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    What is Somatic Therapy?

    by Laura Crow, LISW

    We have gotten used to thinking about our bodies and minds as two separate entities, rather than a single system.  It’s often easiest to think about medical care for bodies and mental health care for our minds happening independently of each other, with different providers, different treatments, and different reasons for the pain we are experiencing.  Somatic therapy challenges some of these ideas and incorporates our bodies into our mental health practices, focusing on the physical sensations we experience. These sensations are both part of understanding our pain and part of developing coping strategies and learning to heal.  Our minds receive, understand, and interpret the physical sensations in our bodies.  And our bodies often are where we literally experience our emotions – anxiety that tightens our chest, sadness that is a pit in our stomach, happiness that feels like a lightness or a bounce in our step.  

    So what does it mean when a therapist says they use somatic techniques?  A somatic therapist will be focused on the body sensations a client is experiencing, as well as how aware or connected to those sensations the client is.  Often life experiences can affect how aware we are of our bodies, and the sensations we experience, sometimes making us hypersensitive or distant and unaware.  A somatic therapist will be focused on helping a client develop both awareness of and connection to their body experiences, as well as learning tools for responding to sensations and creating relaxation and calmness in their bodies.  These tools can include breathing techniques and different kinds of movement.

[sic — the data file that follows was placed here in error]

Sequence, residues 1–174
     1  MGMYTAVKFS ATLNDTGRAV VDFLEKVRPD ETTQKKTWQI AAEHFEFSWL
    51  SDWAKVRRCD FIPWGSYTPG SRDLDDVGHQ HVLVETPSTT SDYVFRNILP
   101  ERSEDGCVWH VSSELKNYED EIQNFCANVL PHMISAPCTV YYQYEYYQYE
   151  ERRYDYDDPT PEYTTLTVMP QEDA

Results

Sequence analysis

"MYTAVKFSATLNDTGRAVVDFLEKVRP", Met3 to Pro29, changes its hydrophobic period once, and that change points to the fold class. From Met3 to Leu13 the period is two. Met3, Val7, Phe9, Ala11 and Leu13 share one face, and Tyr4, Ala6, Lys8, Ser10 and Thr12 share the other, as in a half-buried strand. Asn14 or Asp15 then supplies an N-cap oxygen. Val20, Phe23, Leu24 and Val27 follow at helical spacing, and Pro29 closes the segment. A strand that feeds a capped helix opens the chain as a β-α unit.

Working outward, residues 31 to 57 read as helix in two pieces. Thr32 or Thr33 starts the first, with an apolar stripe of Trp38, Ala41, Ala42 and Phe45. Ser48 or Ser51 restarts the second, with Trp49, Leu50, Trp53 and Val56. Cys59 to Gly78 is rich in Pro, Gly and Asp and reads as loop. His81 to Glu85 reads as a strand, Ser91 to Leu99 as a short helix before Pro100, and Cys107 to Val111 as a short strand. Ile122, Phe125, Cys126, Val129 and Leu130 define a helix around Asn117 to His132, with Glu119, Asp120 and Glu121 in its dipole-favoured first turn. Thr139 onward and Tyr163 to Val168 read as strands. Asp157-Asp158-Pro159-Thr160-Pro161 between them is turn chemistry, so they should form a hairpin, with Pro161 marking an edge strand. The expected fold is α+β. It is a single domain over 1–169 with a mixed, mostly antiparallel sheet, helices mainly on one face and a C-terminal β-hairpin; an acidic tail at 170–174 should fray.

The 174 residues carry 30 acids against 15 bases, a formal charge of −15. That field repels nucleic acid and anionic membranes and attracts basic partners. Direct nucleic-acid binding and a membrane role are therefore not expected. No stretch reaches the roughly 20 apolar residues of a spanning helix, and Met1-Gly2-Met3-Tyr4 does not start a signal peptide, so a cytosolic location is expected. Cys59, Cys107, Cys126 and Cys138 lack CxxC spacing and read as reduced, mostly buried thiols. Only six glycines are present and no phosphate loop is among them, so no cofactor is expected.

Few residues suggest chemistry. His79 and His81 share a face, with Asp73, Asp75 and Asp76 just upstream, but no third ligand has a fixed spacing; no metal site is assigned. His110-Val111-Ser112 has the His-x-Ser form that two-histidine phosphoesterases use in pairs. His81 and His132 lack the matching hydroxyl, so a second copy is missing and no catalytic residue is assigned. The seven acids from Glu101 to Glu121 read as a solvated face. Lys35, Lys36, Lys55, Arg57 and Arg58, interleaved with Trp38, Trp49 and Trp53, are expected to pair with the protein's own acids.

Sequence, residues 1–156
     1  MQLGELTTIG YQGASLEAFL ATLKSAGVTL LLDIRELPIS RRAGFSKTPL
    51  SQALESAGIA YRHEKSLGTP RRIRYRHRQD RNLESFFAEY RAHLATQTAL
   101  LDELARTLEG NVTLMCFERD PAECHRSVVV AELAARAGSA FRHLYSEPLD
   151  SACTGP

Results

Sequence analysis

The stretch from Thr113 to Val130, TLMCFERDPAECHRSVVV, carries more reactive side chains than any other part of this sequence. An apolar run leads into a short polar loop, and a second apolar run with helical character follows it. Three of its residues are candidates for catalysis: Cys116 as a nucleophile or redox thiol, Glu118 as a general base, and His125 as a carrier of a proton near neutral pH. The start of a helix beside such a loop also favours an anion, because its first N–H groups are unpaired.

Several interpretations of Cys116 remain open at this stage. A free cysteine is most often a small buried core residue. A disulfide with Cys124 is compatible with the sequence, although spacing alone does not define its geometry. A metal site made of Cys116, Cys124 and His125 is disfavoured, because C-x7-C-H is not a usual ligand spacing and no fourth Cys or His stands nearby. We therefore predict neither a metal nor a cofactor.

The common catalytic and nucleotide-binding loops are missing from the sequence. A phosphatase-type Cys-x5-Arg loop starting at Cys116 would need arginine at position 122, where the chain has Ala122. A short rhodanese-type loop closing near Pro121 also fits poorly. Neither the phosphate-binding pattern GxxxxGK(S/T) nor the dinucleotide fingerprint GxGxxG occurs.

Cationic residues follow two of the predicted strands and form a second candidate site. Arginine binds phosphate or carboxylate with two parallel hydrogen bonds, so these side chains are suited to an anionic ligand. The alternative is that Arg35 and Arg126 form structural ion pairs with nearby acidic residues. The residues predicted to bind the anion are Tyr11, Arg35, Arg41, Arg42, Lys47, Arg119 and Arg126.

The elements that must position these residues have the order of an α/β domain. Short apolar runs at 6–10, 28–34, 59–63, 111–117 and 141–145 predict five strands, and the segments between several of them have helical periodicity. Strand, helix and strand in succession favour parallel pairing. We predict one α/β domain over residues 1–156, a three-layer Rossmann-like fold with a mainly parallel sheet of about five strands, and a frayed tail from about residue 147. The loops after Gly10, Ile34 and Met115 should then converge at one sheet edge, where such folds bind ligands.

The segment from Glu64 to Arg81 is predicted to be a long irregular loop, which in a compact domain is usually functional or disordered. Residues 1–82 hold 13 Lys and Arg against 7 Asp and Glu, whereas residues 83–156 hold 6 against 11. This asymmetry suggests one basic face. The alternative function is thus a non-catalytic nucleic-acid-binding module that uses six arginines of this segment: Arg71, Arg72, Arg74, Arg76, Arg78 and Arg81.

Movement can be focused on releasing body sensations in a broad range of methods from trauma sensitive yoga to practicing tai chi or kickboxing or going on a walk.  Maybe even visiting a rage room for some safe smashing or letting out a loud scream in the privacy of your car.  The answers will look different for every client and the body they inhabit.  How aware are you of the body sensations you experience?  Do they feel threatening, reassuring, confusing, or something somewhere in between?  If these questions arouse your curiosity or speak to daily experiences you would like help understanding, somatic therapy may be beneficial for you.  

    There are some great resources out there for better understanding and connecting with our bodies as a resource as well as understanding how our bodies can be the recorder and hold memories of our trauma and safety experiences.  If you’d like to learn more on your own, here are some titles worth investigating:

    Becoming Safely Embodied: A Guide to Organize your Mind, Body and Heart to Feel Secure in the World by Deidre Fay, MSW

    Practicing Mindfulness: 75 Essential Meditations to Reduce Stress, Improve Mental Health, and Find Peace in the Everyday by Matthew Sockolov

    My Grandmother’s Hands: Racialized Trauma and the Pathway to Mending Our Hearts and Bodies by Resmaa Menakem, MSW, LICSW, SEP

    The Body Keeps the Score: Brain, Mind, and Body in the Healing of Trauma by Bessel Van Der Kolk, M.D.